Byron started his discussion with what he called “Byron’s Law,” or how to begin a career in a news organization.
“Byron’s law in getting a job is that pull always works better than push,” he said. “You get a lot further in your whole career by being able to get pulled into a situation rather than trying to shove yourself into it.”
Byron himself was pulled into a job right out of college at Time Magazine after contacting Yale College’s alumni networking office as a senior to inquire about jobs in the media industry. They told him that it was possible to get a job at the magazine, since Henry Luce, co-creator of Time, was a contributor to the school. The staff in the alumni office then made a phone call to the magazine to inform them that Byron was coming for an interview.
By the time he arrived for his interview at Time, his future bosses were anxious to welcome him. “They said, ‘Byron, come on in, I’ve been waiting for you,’” Byron said.
Byron argued that the phone call to the magazine made by the alumni networking office differentiated him from other applicants.
“You go from being somebody who’s knocking on the door and unexpected to somebody that has somebody who’s on the other end who wants to help,” he said.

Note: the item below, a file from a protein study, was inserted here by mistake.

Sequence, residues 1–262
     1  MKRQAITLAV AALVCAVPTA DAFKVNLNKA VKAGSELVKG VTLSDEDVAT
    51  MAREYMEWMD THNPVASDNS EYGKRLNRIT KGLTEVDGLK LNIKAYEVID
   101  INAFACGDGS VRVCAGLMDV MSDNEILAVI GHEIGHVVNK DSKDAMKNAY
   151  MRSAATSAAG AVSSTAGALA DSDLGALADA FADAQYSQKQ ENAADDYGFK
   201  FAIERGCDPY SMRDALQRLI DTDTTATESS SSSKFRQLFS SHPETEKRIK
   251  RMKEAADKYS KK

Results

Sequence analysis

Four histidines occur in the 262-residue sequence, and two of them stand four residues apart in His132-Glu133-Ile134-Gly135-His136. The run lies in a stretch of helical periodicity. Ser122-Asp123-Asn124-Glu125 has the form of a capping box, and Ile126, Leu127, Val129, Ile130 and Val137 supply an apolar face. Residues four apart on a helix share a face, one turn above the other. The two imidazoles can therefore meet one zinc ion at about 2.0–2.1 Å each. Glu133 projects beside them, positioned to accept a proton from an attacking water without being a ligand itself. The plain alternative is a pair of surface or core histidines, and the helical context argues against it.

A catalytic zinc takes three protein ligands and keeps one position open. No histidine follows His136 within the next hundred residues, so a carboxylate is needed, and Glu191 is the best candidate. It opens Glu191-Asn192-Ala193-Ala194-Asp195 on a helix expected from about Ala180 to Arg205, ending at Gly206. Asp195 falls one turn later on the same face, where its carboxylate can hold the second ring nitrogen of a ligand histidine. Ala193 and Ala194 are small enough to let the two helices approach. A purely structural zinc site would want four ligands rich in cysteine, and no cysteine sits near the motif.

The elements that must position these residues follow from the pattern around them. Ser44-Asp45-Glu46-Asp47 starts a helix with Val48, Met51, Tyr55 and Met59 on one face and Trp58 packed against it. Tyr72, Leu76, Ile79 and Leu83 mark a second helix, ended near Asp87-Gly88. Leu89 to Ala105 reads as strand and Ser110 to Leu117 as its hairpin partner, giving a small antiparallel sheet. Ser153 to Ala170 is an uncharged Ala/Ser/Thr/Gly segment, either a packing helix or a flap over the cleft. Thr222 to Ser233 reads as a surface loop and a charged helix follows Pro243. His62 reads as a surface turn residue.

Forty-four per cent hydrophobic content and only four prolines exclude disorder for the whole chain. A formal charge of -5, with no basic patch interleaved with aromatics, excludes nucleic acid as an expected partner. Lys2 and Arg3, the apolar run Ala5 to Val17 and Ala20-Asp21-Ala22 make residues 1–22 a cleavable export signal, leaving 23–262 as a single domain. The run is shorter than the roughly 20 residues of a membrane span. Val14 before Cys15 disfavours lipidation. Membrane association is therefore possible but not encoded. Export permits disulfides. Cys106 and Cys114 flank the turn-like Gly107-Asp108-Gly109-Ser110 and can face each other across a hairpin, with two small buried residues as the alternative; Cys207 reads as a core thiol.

From this experience, Byron said he learned the importance of having a network of people willing to help you. He encouraged students to contact their own alumni networking office, because “the nasty secret of adulthood is that it’s not what you know, but who you know,” he said.
Once a job is secured, Byron said that it is important to be dedicated and work hard. He told students that “once you get inside of an institution, it is important that you make a total commitment to live, breathe, and die the news.”
Demonstrating this commitment, he began his career at Time, in a position that was a step above an internship working on the in-house newsletter. But, because he was passionate about his job, Byron said he came in everyday with “20 story ideas,” and was constantly pitching his ideas to those working in the news department. Eventually, he was promoted to a news correspondent covering Wall Street, and later was sent to Europe as a foreign correspondent.
Byron closed his remarks by passing on advice to students that he received while working at Time.
“Let the job that you’re doing define your life’s experiences. If you make that commitment, you won’t be disappointed.”